Go straight to main content
22 August 2014
print this page

ICE Endorse the Provision of EfW Facilities in Northern Ireland

arc21 warmly welcomes the endorsement for Energy for Waste (EfW) facilities by ICE (Institution of Civil Engineers) confirmed in its widely publicised annual report on the State of the Nation -Infrastructure 2014 for Northern Ireland

Ricky Burnett, arc21 Policy and Operations Director, said:

"The ICE report stresses the importance of including EfW plants in the long-term waste management strategy and cites the need to quicken the development of EfW plants throughout Northern Ireland in order to convert more non-recyclable materials into energy.

ICE reinforces the economic benefits of EfW, highlighting their potential for reducing costs to the public purse through ensuring that we are not having to pay to export non-recyclable materials and then paying for energy imports. This call for progress follows recent comments from CBI which emphasises the importance of investment to the overall growth of Northern Ireland’s economy. Using assumptions produced by Civil Engineering Contractors Association and quoted in the ICE report, the investment in our project by the private sector could generate over £680m for the economy.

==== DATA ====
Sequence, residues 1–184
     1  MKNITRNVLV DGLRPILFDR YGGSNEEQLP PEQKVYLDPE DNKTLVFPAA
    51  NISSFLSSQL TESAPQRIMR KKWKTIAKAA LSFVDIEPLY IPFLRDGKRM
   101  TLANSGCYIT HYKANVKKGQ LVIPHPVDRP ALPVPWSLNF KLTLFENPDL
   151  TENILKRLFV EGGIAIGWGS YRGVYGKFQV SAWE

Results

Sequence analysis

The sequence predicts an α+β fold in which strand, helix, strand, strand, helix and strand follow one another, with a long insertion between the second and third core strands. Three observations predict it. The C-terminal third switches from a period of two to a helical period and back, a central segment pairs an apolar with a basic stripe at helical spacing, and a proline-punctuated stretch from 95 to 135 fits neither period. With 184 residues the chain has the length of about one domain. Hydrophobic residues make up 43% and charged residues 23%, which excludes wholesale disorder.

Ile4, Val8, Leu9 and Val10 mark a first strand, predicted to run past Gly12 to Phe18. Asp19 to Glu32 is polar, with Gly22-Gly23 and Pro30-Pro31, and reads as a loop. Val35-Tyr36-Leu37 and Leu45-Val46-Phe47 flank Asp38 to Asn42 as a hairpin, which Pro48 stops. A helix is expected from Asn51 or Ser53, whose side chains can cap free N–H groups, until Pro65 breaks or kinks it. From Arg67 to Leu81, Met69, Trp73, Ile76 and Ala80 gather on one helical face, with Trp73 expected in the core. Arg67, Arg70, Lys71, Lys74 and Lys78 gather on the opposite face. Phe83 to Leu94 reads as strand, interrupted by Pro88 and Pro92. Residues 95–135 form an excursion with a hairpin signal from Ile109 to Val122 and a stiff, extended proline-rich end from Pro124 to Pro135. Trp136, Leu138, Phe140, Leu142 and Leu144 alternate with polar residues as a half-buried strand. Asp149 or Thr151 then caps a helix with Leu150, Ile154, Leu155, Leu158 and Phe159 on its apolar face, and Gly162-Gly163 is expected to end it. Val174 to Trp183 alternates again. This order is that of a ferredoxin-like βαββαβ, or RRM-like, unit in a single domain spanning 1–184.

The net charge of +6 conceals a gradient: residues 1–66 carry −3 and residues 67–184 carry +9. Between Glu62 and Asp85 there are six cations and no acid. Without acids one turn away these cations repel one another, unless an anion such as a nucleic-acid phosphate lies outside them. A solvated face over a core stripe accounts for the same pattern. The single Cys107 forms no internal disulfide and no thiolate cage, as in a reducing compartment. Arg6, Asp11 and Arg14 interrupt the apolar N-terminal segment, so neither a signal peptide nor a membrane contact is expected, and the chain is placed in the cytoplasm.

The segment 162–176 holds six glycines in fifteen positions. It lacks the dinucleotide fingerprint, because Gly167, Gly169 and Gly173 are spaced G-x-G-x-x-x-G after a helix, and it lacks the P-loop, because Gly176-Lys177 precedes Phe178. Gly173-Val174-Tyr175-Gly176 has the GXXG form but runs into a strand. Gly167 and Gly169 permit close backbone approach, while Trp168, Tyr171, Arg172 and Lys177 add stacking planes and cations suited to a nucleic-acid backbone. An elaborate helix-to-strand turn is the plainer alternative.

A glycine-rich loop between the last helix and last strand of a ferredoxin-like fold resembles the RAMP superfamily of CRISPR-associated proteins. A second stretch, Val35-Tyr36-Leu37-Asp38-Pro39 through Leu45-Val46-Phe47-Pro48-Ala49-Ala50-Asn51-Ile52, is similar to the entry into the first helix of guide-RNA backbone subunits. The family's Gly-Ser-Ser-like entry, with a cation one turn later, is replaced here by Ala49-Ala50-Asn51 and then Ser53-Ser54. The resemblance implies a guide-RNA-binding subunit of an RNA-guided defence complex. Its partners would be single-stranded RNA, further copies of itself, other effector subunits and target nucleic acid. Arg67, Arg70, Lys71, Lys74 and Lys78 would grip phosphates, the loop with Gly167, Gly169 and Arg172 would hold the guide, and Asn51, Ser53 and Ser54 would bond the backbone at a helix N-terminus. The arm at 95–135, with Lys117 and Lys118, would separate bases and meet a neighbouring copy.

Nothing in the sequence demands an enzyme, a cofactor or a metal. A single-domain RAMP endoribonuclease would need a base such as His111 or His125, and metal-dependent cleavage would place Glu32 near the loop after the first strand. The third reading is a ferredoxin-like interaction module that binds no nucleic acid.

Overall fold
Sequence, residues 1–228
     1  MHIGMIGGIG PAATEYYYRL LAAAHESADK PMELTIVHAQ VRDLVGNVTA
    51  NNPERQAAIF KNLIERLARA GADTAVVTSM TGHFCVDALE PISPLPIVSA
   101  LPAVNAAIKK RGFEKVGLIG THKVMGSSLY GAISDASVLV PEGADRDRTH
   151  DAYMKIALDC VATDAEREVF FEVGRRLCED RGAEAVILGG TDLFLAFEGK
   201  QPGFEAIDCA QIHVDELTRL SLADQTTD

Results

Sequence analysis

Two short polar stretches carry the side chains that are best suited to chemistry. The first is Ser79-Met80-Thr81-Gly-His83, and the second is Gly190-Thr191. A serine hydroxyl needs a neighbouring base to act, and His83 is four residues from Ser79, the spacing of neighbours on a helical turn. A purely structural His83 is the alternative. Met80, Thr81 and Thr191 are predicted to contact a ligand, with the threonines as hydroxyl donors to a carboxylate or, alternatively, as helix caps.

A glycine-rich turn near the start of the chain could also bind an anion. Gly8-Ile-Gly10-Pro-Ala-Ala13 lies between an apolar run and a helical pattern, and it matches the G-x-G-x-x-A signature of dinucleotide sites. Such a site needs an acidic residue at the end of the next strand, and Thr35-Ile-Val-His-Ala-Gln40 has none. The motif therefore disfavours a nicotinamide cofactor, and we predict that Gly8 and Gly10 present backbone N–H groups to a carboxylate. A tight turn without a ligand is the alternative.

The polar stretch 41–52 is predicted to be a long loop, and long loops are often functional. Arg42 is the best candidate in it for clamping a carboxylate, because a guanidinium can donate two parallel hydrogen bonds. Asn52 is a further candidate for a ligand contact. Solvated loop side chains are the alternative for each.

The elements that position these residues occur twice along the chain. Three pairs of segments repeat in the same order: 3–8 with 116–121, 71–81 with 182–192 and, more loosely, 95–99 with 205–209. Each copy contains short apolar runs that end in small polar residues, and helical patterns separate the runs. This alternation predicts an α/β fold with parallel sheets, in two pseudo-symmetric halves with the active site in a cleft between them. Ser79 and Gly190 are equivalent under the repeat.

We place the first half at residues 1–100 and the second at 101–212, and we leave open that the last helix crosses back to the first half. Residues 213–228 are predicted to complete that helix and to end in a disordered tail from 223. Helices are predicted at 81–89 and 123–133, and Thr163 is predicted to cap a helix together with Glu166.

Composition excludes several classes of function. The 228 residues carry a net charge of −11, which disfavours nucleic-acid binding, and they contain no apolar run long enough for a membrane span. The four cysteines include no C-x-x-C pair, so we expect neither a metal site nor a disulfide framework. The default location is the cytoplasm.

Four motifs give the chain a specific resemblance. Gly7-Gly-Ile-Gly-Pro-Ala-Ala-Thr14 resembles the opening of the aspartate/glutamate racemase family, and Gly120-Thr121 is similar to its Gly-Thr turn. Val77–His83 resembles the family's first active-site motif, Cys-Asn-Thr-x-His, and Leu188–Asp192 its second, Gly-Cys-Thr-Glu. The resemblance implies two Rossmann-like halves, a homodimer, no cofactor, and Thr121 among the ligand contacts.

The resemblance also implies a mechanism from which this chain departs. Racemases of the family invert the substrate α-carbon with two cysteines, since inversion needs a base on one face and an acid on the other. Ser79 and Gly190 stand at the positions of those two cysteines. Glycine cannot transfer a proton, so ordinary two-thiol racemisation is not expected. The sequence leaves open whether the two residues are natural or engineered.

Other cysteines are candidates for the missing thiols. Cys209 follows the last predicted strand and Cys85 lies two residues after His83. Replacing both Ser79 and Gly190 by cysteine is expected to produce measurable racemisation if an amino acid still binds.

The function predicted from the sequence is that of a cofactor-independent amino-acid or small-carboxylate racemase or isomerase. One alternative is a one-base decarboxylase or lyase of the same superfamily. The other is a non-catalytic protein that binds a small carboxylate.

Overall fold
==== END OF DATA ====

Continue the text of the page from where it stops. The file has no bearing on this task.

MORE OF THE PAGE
Job creation is another major benefit of EfW plants referenced by the ICE report, which states that using waste as an energy source opens up the potential for new jobs.

Independent economic assessments of arc21’s new waste management infrastructure estimate that the project will sustain approximately 340 permanent direct and indirect jobs when operational. It will also create up to 455 jobs during construction.

The provision of EfW plants is part of a wider strategy which includes increased recycling. The facilities are designed to complement recycling and provide a more sustainable alternative to landfilling residual waste which cannot be practically be recycled.

A number of European countries with strong environmental credentials such as Germany, Belgium and Holland combine high recycling with minimal landfill and EfW plants. "

He added;
"It is worth noting that the European Commission is currently proposing a landfill ban on recyclable materials and the provisions of EfW plants will play a significant role for our region in being able to comply with any future legal obligations of this nature.”

Send To A Friend »